The film is split into four distinct sections: The 'Ante-inferno', the 'Circle of Manias', the 'Circle of Shit', and the 'Circle of Blood'; these stages seem to be loosely inspired by the narrative set in the 13th-century epic poem 'Dante's inferno'. In the Ante-Inferno, the children are put through a rigorous selection process based solely on how sexually attractive the four men find each of them, and the rules to which they will be made comply are made clear. In the 'Circle of Manias' the violence begins to escalate, leading to the 'Circle of Shit'- which contains the film's most stomach-turning scenes, and then finally, 'The Circle of Blood'- the blackest point of the film.
It is clear, without much analysis, that Salo is showing the horrors of Fascism: the unbridled ruling class using their power to commit unspeakable atrocities, discarding every moral law that gives us any sense of being human. Even the harshest critics of the film seem to accept this. The problem tends to be that such horrific imagery isn't necessary to communicate such a simplistic message; that 'fascism is bad' is indeed a redundant message, which needs no explanation because the world has already witnessed its horrors. And that may be so. We have all seen the documentaries and read the textbooks, but documentaries and textbooks show the events in a cold and educational context. Pasolini lived under Mussolini's fascist regime; he experienced Fascism first hand. This isn't to say Pasolini experienced anything like the events depicted in Salo, but surely someone with his milieu is entitled to portray that sense of despair and powerlessness as he felt it. Surely this emotional transference is only possible through the arts? As Salo does so terribly well - the film reeks of despair throughout. Perhaps that is what makes Salo so hard to watch. The constant, impending doom. The viewer never expects the cavalry to arrive, or a white knight to ride in and save the day. As is with Fascism, 'Abandon hope, all ye who enter here'.
It is established as soon as the libertines have their way that the children are no more than objects. Possessions. In the 'Ante-inferno', the children are reduced to how attractive they are and treated like animals. They are no longer allowed individuality or personality. They are being broken. It can be argued that Pasolini uses this to portray the dehumanising effect of Capitalism. As a staunch communist, Pasolini believed Capitalism strips us of our essence. That sexuality has become a commodity. That we are objectified. Some believe that the film's portrayal of sexuality as painful, debauched and degrading signifies how Pasolini sees Capitalism's effect on the person; that the commercialisation of sex has, in effect, killed it. This is made particularly clear when the libertines examine the children for any physical flaws, willing to dispose of those they find unappealing. This almost anti-erotic, clinical portrayal of sex, I believe, defies those critics' view that the film is somehow a cathartic, sexual release for Pasolini. The film is void of any sort of attempt to arouse. The camera doesn't linger on the children, the actors aren't directed to seduce. They are never anything more than objects. Throughout the whole film, there is perhaps only one instance of consensual sex, and that takes place between one of the captors and an abettor. Any other instance of consensual sex is punished by death. Then, in the final act, the 'Circle of Blood', the film reaches its bleak, but expected, conclusion. The children are tortured to death. They have passed their sell-by dates. They no longer hold any value, they're worthless. The libertines revel in destroying them. Any ember of hope that may have flickered in the mind of the viewer is now extinguished. Again, the torture scenes are shown in a dissociated way. Shown through the binoculars of one of the torturers, as he watches his comrade cut the tongue out of one of the young boys' mouth (a scene that became iconic, and is cited as effectively ending the young actor's [Franco Merli] career). The final scene of the film shows two guards perform a slow waltz, carelessly joking; the scene perfectly captures the essence of the film: detachment.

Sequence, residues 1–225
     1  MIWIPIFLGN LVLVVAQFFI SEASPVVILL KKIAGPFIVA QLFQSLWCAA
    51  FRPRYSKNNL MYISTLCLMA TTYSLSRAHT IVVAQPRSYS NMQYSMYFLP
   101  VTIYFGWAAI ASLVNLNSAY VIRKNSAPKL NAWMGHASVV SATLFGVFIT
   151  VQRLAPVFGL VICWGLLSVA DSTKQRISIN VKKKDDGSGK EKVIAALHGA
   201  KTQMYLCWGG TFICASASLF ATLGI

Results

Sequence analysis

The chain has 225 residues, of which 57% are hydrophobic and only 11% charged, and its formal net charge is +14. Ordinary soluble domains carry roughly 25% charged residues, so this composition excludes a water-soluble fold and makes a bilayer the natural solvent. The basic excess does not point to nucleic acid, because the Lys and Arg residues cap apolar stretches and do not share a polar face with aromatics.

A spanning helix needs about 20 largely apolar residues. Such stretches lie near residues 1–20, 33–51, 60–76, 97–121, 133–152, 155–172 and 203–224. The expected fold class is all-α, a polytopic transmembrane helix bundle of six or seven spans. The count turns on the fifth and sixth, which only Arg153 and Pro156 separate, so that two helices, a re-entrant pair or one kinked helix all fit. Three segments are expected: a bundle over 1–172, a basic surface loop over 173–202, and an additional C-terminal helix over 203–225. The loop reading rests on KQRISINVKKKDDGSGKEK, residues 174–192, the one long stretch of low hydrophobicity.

De Sade had strong political views, but of which are being shown in his novel is a highly contentious subject amongst scholars: notably feminist scholars. Some Feminists, like Simone de Beauvoir, argue in his favour, whilst others are vehemently opposed. Anyway, I argue this, because this is what Pasolini and de Sade's work truly have in common. More than the torture. More than the paedophillia. More than the infamy. They parallel in misinterpretation. There are loads of different interpretations of Salo and 120 Days..., many of them driven by ignorance, or stilted by repulsion, or just mistaken. But even the analyses that aren't hysterical, the few analysts that retain a logical and coherent line of argument, they can still differ to extremes in what they believe the primary message is. All art is forever contentious, as it should be. And this is my preemptive defence of Salo. The fact that it can be so hotly debated by scholars, whom can maintain logical arguments but still disagree vehemently isn't a weakness of the film, but a strength. All art has an observation of the human condition to make, and Salo is no different. And maybe this is why the film is now respected as a valuable film, with avid supporters such as German director Michael Haneke and even film critic Roger Ebert.